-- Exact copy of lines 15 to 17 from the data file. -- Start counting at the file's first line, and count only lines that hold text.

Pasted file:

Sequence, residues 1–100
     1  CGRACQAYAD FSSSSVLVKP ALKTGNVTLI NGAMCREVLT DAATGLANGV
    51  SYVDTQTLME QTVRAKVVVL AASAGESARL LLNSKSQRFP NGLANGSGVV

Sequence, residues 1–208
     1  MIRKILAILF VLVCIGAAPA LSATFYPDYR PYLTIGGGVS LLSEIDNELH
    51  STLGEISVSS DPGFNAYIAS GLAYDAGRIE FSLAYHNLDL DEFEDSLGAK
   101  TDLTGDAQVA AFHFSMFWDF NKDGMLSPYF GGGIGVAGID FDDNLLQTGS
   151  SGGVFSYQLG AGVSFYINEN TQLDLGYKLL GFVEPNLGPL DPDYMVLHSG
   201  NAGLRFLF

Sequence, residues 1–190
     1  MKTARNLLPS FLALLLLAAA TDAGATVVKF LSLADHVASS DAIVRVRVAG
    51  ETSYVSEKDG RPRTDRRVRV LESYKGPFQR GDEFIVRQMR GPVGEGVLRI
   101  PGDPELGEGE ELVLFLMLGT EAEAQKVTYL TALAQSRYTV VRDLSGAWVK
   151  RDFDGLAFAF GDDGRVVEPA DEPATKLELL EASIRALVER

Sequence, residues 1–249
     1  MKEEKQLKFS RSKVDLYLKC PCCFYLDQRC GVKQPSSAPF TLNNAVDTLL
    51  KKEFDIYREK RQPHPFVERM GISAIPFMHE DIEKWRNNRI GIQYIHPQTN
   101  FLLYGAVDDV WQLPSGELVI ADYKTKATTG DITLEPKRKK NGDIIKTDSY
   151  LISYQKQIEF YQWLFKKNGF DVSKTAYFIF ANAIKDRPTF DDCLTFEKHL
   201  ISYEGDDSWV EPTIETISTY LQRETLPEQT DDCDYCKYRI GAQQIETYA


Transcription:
Sequence, residues 1–249
     1  MKEEKQLKFS RSKVDLYLKC PCCFYLDQRC GVKQPSSAPF TLNNAVDTLL
    51  KKEFDIYREK RQPHPFVERM GISAIPFMHE DIEKWRNNRI GIQYIHPQTN